What is an employee assistance program?
An EAP program is a workplace service that helps employees, and often their families, cope with a crisis or other stress-related situation. If an employer has a licensed counselor on staff, they may administer the service on their own, but most companies outsource it to a third party professional.
An EAP is similar to insurance programs with counseling coverage not tied to medical benefits. Even employees who opt out of health coverage can still use EAP benefits at no charge.
What types of benefits are covered under an EAP?
While EAP plans vary, here are a few of the most common benefits:
- Addiction assessments and treatment
- Emotional distress and stress reduction
- Depression and anxiety treatment
- Legal issues
- Financial counseling
- Work concerns
- Child and elder care concerns
- Traumatic event counseling
- Health management issues
How do EAPs work?
When an employee or their family is struggling with a personal issue, they can contact the program intake specialist or coordinator through a confidential phone call or web-based consultation. The coordinator will connect the employee with relevant free or low-cost resources.
For example, if an employee is facing eviction, the service may connect them with an attorney for a free consultation. If the employee is coping with the depression, they may be referred to a counselor.
The types of services and the amount covered may vary based on the program selected, but most EAPs cover an employees first few visits.
Even though these programs are not insurance, they are often established and maintained similarly to insurance programs. There are several providers and plan types to choose from. The most common types of EAPs are:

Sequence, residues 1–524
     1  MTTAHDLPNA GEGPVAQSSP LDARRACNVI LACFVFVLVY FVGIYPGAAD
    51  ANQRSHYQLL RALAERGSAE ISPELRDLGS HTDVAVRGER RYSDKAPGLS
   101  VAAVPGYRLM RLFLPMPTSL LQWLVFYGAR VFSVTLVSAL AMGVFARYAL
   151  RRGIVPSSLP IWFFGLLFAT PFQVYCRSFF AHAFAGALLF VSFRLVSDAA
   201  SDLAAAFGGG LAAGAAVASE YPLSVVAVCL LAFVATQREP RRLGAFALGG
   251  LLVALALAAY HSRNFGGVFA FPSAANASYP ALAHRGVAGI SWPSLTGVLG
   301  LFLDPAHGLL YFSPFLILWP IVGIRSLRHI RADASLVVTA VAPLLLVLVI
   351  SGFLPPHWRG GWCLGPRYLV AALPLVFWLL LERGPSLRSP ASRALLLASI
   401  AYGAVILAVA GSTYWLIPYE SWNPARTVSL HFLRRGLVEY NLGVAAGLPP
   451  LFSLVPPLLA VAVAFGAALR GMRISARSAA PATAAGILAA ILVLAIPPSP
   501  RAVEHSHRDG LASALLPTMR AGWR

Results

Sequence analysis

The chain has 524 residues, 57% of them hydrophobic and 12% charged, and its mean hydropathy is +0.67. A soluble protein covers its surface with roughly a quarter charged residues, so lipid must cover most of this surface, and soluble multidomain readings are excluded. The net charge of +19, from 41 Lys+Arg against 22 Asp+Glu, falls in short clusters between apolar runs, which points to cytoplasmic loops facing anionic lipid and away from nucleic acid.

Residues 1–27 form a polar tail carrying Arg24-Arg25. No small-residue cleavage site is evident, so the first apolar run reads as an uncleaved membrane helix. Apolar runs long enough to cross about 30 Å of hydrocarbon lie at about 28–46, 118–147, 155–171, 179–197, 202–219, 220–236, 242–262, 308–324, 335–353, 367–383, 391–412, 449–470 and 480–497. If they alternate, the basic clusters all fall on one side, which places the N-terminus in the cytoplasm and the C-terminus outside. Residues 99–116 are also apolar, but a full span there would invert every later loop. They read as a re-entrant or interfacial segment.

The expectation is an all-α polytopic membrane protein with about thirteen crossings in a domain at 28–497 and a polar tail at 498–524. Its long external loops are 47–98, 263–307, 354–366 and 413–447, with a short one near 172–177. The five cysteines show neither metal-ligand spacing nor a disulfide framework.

- Fixed-fee contracts (the employer pays a set amount per employee)
- Fee-for-service contracts (the employer pays only when employees utilize the service)
Costs vary based on factors such as employer size, employee demographics and the types of services provided.
Are services confidential?
Keeping EAP services confidential will make employees feel more comfortable taking advantage of its benefits.
However, while programs are confidential, it’s important to note there may be circumstances when confidentiality may be legally breached, such as in cases of child abuse or when someone’s life or safety is at risk.
Company-mandated referrals have slightly different rules as well. For example, if an employee is facing a personal issue that impacts their performance at work, you may encourage them to leverage EAP resources as a final attempt to retain the employee. For example, if an employee fails a company drug test, an employer may require mandatory treatment for addiction.
“In these cases, employees are mandated by the employer to contact the EAP and a Release of Information is signed so the EAP can exchange information with the employer about employee attendance, compliance and recommendations,” says Kathryn Schneider, LPC, CEAP.
Why provide an EAP program?
Offering an EAP can help attract and retain top talent. Employees want to feel supported by their employer, and often appreciate a comprehensive benefits package. This is one of the many reasons it’s important for HR professionals and anyone involved in the employee onboarding process to understand how an EAP works and clearly explain its benefits to new hires.
Providing an EAP can offer employers the following advantages:
- Reduced employee absenteeism
- Improved physical and mental health
- Increased productivity
- Better workplace cooperation and collaboration
A well-planned employee assistance program offers a wealth of benefits for the workforce, while also helping support the company’s success. However, the team must actively and consistently use the program for employers to recognize its advantages. By choosing the right EAP and ensuring all employees understand how to access their benefits, you can help foster a happier, healthier workplace.